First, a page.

The Hot Zone

Getting smaller

Global warming is causing many changes in species. Some are going extinct, others thriving, habitats are shifting, and ecosystems are reacting to changes in temperature, precipitation, acidity, and more. But could a global increase in temperature also change the morphology of a species? If the past is any indication, then add size and shape to the list. A study undertaken by the Florida Museum of Natural History and available online in the Journal of Mammalian Evolution (to be published in print... [Read more]

Posted by Alison Hawkes on August 30, 2010 No Comments »
Category : Climates of the Past

Whiffs of oxygen

It’s pretty well accepted among the scientific community that life existed as far back as 3.5 billion years ago. But those were days before oxygen had accumulated to significant levels.What kind of creatures were lurking an an oxygren-free world? It wasn’t until 2.4 billion years ago during the so-called Great Oxidation Event that  photosynthesizing cyanobacteria (blue-green algae) produced enough oxygen to saturate into organic matter and dissolved iron in the ocean and then more.... [Read more]

Posted by Alison Hawkes on August 24, 2010 No Comments »
Category : Climates of the Past

Energy checkbook

The journal Science has devoted a special issue to puzzling out the Earth’s energy problem. Among the articles, foretelling the prospects of moving solar electricity from Africa to Europe, the downer that cellulosic ethanol has become, and the possibility of a nuclear renaissance, is a large chart that compares various energy sources in the way they consume other natural resources. The surprising thing about the chart is that coal and oil don’t come out looking so bad. There’s a... [Read more]

Posted by Alison Hawkes on August 18, 2010 No Comments »
Category : The man made climate

Oceans away

As I reported earlier, new research is showing the intimate connections between the Atlantic and Pacific oceans during past major climate events. Just because an ocean is an ocean away, doesn’t mean it doesn’t feel the impact of, say, the collapse of the Atlantic conveyor belt, as happened as the last Ice Age ended some 17,000 years ago. Now another study of around the same time period was published recently by researchers at Oregon State University in the journal Earth and Planetary... [Read more]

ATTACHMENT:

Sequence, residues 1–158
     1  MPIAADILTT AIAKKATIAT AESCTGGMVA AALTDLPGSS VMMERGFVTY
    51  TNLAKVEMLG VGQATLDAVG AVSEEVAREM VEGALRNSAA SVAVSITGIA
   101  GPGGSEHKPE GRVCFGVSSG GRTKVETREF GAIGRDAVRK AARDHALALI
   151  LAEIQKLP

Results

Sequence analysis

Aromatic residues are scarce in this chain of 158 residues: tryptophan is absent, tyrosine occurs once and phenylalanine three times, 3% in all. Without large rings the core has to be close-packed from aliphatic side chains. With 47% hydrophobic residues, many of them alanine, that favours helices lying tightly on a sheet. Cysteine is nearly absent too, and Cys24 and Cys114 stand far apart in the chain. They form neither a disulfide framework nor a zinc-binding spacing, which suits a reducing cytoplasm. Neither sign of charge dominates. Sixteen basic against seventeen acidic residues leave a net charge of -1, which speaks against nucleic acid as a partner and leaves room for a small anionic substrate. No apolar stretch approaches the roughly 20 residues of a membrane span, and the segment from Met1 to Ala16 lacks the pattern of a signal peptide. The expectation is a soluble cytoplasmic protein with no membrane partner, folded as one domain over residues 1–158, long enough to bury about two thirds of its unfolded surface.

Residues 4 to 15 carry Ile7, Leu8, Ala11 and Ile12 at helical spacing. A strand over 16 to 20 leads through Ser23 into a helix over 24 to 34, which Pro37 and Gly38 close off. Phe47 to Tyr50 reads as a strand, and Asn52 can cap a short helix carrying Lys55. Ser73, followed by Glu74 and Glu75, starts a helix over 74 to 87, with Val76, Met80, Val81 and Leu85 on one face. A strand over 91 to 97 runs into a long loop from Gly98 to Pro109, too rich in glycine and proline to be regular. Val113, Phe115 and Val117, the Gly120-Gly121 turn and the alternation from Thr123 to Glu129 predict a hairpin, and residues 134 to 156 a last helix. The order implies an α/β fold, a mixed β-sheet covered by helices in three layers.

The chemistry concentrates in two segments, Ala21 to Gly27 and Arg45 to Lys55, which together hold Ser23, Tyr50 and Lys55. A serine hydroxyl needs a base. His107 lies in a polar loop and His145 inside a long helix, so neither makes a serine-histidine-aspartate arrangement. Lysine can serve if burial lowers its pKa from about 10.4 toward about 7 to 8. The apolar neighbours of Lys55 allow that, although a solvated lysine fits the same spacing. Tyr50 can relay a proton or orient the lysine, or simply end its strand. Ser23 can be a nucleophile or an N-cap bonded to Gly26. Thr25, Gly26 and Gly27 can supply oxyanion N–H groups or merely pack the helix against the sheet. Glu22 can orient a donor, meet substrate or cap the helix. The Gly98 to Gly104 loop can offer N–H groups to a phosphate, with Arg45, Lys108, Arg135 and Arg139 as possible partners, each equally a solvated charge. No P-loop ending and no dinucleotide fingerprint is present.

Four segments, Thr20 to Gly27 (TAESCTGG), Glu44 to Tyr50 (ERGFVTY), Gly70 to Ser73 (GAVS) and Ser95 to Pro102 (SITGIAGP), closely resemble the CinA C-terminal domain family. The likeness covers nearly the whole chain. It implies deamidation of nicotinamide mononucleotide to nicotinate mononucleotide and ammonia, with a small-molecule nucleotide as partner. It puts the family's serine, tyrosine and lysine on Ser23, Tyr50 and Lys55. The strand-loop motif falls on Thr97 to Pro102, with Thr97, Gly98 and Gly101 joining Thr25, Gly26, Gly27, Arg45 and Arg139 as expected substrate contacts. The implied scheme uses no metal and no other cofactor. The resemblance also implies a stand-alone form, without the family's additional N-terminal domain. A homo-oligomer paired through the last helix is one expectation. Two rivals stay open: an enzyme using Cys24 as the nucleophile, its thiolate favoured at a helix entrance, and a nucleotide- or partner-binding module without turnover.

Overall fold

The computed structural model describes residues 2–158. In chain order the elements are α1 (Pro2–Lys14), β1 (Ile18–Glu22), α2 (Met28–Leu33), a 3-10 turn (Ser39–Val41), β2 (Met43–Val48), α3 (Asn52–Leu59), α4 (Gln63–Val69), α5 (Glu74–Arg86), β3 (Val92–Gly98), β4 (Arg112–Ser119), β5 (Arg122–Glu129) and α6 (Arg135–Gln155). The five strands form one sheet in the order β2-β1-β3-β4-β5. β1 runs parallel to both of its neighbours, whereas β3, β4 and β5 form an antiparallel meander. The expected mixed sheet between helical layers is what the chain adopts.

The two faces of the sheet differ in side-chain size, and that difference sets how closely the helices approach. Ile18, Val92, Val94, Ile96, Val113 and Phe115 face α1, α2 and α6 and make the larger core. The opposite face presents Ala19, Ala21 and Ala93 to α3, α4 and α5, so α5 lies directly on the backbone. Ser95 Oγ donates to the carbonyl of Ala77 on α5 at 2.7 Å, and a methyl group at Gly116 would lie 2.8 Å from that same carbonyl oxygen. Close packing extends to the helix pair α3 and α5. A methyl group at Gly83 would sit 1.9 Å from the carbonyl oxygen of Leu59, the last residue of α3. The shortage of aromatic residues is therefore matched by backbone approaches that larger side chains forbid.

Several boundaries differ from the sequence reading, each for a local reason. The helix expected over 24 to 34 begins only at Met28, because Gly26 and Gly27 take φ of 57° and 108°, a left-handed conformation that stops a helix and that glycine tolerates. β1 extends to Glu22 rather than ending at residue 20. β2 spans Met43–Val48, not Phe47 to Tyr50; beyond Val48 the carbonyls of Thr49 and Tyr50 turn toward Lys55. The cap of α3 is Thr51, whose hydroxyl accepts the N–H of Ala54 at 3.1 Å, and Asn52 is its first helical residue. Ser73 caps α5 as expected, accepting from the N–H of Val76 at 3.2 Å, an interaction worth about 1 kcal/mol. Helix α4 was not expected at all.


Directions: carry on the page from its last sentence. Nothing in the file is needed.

Posted by Alison Hawkes on August 13, 2010 No Comments »
Category : Climates of the Past

Engineering the skies

One favorite geo-engineering trick to stabilize the climate is to increase the amount of sunlight reflected back into space by pumping aerosols into the atmosphere, known as solar radiation management. While that might counter global warming to some extent, a new research paper published last month in the journal Nature Geoscience finds that it’s no solution to the planet’s climate woes and may in fact cause certain parts of the world to receive less precipitation, even as global temperatures... [Read more]

Posted by Alison Hawkes on August 10, 2010 No Comments »
Category : The man made climate

Plants are complicated

Planting trees, as everyone knows, is a good way to offset climate change. The more greenery on Earth, the better, since vegetation act as carbon sinks, essentially sucking up the excess CO2 and storing it in leaves, stems, and root systems. But a recent paper published in the journal Nature Geoscience claims we have a long way to go towards understanding the biochemical processes in which plants interact with the climate. Simply looking at the carbon cycle involving plants is not enough, say the... [Read more]

Posted by Alison Hawkes on August 8, 2010 No Comments »
Category : Climate Science and Scientists

Hitting bedrock

Ever heard of the Eemian period? It was the previous interglacial period, starting about 130,000 years ago, and was marked by a climate similar to what we might expect under today’s climate change. The sea level was 16 feet higher and the temperatures about 5 degrees F warmer than today. That’s why scientists like the Eemian. So much so that they’ve put five years effort into drilling a 8,300 foot hole in Greenland’s thick glacial ice to study the Eemian climate. Last week... [Read more]

Posted by Alison Hawkes on August 4, 2010 No Comments »
Category : Climates of the Past


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